The deadline for the second provisional tax period of the 2024 tax year is end February 2024. This year being a leap year means the deadline date is 29 February 2024.
Provisional tax remains a minefield littered with uncertainty and anxiety due to the lack of and availability of accurate information.
In addition, there are sneaky sources of income which do not always appear on the radar until the actual tax return gets completed, at which point it is too late.
First, the basics. It is important to know that provisional tax is not a separate tax from normal income tax. It is simply a method of prepaying your income tax liability during a tax year on income which is not subject to PAYE. This means that if you are earning any taxable income which is not subject to employees’ tax (PAYE) then the alarm bells should be ringing.
SARS’ website provides the following guidance as to who is a provisional taxpayer:
Any person who receives income (or to whom income accrues) other than remuneration, is a provisional taxpayer. Most salary earners are therefore not-provisional taxpayers if they have no other sources of income. It is important to note that receiving exempt income, as follows, does not make you a provisional taxpayer:
- If you receive interest of less than R23 800 if you are under 65; or
- If you receive interest of less than R34 500 if you are 65 and older or;
- You receive exempt amount from a tax-free savings account.
The big reason why provisional tax is such an area of contention is that over the last few years, the highly automated SARS system decides on assessment of an actual tax year whether or not, you were a provisional taxpayer for the tax year past. If it flags that you should have been a provisional taxpayer and did not submit provisional tax returns or make payments, this can be very costly. The problem therefore is that you cannot rely on the SARS system or the status that was indicated on your last assessment as to whether you are a provisional taxpayer or not.
There are sneaky sources of income which make you a provisional taxpayer and these need special attention and vigilance. The most common sources we observe are as follows:
- Income from trust distributions which most commonly comprise of investment income and can include large amounts of interest income. Rental income distributions would also trigger a person’s provisional tax status.
- Speak to your trust officer or trust accountant with regards to obtaining this information.
- The charging of interest on loan accounts.
- Speak to your trust / company accountant with regards to obtaining this information.
- The sale of property. If the sale relates to an investment property, taxpayers are more likely to be aware of impending tax consequences as they are focused on the determination of the capital gain. If however the sale relates to a primary residence and especially in cases where the capital gain is less than the R2 million primary residence abatement, the hidden income is almost undetectable. So, what and where is this hidden income? The hidden income is in the form of interest income which is generated during the period that the funds for the property transaction are held in trust by the conveyancing attorneys. These funds could be the proceeds of the property or a deposit in securing a property transaction. None the less, these funds are held by the attorneys in an interest-bearing account in the name of the individual which means that any interest accruing to these funds are taxable income.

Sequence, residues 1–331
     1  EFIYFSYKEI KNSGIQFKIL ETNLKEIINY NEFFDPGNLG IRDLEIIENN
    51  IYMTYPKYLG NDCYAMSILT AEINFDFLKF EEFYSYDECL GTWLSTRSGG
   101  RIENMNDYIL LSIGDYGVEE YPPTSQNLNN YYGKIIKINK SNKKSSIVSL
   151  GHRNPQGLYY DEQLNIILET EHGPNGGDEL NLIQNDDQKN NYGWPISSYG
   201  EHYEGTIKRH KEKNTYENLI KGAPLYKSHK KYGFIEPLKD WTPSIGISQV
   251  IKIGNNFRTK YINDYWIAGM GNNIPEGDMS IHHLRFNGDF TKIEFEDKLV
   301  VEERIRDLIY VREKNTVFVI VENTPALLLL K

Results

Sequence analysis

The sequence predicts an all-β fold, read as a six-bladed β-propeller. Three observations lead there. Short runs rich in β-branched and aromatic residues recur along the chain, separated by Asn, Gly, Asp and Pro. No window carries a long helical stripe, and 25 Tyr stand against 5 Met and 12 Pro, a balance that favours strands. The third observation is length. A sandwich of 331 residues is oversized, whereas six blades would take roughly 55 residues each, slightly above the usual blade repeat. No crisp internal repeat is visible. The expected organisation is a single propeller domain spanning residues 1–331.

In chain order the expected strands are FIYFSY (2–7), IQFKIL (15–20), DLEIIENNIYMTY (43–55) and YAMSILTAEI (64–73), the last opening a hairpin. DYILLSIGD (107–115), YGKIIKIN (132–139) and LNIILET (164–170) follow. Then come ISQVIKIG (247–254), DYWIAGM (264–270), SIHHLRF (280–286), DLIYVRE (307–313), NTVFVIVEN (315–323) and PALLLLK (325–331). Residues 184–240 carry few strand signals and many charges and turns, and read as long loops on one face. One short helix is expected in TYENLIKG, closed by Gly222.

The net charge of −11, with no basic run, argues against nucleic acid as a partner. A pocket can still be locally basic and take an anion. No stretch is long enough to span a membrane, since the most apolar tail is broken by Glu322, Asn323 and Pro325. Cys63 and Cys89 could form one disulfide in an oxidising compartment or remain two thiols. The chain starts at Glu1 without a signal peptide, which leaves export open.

- Speak to your conveyancing attorneys with regards to obtaining this information.
How to calculate provisional tax for the second period?
- Determine your total taxable income for the year 1 March 2023 until end February 2024
- This includes all income for the year, both received and accrued, local and foreign, as well as any capital gains.
- Calculate the tax for the full year.
- Less personal rebate(s) and medical tax credits (if applicable)
- Less any allowable foreign tax credits (if applicable)
- Less any PAYE / employees tax paid
- Less any provisional tax already paid for the tax year.
Should your total estimated taxable income for the year be less than R1 million, you may submit your provisional tax based on your last assessed taxable income. Should your last assessed taxable income not be for the 2023 tax year, then such last assessed taxable income must be escalated by 8% per year.
Should your total estimated taxable income for the year be more than R1 million, you may not submit your provisional tax based on last assessed. You must submit your provisional tax based on an actual estimate of your taxable income for the year and such estimate must be within 80% accurate of what your taxable income will be on assessment.
Finally, provisional tax is not a final tax. It is only an interim tax payment towards your income tax liability for the year. Should a taxpayer have overpaid provisional tax during a year, such overpayment will be determined and refunded by SARS on assessment.
Should you have any further questions or queries, please do not hesitate to contact Sentinel International.
Written by: Janine Lodewyk